In the context of “Daitoku-ji Temple and Shibuya Crossing” my voice represents the sounds of these places as experienced by me. My voice contains the emotion of spending time in these places, then thinking about these places and writing down these thoughts. Reading this text is then like a field recording of these places, albeit on an abstracted plane. So, what the listener hears is not the sounds of the places but my thoughts on these sounds and on the atmosphere they create, as transmitted through the sound of my voice. Someone just reading these texts will not hear the same thing I hear from these words, and it is these words which indeed hold the meaning to the time I spent in these places. There is obviously a conceptual leap of faith involved here, which the listener has to be willing to make with me. But for anyone who has heard an author read their own work, it will become apparent that their reading of the text they wrote is a completely different experience than someone else reading the same text. “Daitoku-ji Temple and Shibuya Crossing” addresses not only the idea of the voice, and what it entails, but also plays with the notion of the “field recording,” which as a practice has, in my opinion, become incredibly codified in the last ten years with the advent of such cheap recording technology and computers. So, I'm asking, “What constitutes a field recording and how else can we communicate the notion of a place besides just playing back sounds recorded there?”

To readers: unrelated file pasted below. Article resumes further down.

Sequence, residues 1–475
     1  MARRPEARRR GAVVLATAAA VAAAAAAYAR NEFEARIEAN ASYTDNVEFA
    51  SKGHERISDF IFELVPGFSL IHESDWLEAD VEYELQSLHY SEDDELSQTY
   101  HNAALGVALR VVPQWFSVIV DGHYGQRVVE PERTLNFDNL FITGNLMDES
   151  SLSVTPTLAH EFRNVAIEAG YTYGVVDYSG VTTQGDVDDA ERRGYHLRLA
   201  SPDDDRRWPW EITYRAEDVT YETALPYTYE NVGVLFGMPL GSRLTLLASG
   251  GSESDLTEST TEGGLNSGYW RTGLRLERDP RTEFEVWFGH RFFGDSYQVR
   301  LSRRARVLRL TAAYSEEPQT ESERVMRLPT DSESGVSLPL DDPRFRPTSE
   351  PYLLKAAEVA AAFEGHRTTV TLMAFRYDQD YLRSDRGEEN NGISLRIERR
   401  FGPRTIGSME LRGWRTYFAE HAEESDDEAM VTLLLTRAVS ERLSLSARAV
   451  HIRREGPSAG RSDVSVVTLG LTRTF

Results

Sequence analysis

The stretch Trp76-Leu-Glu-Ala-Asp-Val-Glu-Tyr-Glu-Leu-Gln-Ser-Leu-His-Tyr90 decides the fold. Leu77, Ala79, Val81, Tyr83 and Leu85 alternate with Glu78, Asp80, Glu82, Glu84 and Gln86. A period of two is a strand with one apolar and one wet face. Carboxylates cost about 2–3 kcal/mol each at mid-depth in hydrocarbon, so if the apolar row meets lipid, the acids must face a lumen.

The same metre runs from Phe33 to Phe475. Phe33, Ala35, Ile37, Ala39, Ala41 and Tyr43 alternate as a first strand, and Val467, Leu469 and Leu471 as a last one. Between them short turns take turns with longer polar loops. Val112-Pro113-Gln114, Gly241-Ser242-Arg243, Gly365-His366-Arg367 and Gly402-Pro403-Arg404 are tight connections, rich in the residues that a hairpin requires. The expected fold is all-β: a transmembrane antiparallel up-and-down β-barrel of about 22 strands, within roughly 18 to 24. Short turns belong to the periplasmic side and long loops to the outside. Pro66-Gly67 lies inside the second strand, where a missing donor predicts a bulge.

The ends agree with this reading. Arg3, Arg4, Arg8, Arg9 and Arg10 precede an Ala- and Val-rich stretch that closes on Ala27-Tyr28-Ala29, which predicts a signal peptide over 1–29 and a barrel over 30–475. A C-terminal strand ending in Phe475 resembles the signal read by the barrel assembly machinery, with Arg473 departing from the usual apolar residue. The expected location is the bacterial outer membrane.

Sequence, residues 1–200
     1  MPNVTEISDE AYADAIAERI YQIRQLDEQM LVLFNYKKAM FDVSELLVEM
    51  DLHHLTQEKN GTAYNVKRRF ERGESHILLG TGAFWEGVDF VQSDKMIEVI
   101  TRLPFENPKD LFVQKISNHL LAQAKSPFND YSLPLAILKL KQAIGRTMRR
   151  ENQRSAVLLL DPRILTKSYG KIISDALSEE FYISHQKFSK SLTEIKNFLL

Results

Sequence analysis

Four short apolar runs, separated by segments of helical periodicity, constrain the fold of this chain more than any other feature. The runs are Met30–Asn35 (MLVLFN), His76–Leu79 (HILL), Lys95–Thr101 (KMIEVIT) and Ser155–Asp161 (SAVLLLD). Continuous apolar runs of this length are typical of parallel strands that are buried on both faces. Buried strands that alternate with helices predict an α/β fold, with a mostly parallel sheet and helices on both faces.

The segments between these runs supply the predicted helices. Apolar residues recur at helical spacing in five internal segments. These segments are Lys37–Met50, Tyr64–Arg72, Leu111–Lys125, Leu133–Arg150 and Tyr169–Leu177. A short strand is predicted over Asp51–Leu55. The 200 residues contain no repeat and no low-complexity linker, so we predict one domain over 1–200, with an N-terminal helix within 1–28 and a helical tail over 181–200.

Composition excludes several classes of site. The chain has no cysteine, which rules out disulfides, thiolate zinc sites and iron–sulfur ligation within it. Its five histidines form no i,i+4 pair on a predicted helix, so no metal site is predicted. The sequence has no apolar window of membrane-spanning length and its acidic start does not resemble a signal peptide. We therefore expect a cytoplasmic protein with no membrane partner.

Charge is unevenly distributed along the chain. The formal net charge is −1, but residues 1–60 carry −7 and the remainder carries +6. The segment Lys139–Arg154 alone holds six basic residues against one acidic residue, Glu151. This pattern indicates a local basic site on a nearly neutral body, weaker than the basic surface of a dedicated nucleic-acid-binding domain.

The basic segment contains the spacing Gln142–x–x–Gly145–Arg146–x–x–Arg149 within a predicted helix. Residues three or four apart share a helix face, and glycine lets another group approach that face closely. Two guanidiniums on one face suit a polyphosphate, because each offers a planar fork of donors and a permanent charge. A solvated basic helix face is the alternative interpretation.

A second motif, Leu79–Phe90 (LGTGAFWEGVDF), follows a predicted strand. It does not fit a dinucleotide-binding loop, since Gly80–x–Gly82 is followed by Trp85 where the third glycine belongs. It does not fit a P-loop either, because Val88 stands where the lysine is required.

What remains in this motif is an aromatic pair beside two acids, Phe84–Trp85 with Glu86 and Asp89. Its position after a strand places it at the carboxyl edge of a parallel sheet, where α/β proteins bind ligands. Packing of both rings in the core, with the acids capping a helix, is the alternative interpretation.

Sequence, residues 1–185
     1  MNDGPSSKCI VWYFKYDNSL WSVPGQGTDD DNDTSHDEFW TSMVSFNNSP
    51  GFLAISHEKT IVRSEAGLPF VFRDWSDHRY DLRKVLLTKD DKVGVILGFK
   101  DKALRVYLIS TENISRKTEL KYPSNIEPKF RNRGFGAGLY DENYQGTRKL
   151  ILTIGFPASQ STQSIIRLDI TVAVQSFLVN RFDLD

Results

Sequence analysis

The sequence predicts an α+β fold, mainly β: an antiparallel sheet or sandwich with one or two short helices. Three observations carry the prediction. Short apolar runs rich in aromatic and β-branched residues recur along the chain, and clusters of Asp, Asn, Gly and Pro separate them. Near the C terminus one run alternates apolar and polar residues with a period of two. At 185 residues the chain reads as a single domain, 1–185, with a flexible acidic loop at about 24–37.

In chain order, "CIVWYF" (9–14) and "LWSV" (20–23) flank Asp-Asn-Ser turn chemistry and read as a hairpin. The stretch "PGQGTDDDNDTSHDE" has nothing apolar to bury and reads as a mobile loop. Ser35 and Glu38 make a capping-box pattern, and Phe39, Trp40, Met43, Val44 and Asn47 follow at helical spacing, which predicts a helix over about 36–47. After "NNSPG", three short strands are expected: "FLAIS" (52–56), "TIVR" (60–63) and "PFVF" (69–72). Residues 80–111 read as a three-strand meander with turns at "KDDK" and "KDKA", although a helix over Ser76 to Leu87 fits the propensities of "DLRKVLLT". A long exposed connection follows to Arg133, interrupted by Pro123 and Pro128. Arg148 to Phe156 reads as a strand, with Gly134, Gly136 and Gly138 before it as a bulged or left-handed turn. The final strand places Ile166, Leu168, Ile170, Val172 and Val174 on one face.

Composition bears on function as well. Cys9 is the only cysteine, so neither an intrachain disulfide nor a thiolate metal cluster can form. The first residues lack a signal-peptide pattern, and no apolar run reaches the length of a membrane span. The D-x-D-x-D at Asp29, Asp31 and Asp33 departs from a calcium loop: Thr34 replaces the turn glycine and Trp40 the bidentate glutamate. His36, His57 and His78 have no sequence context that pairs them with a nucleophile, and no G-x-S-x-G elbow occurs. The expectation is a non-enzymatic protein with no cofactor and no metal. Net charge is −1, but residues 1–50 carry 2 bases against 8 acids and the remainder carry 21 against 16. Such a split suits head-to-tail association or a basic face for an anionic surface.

Can you tell me a bit more about your impression that field recording has become, as you put it, 'codified'? What are some of the qualities that you personally look for in these recordings?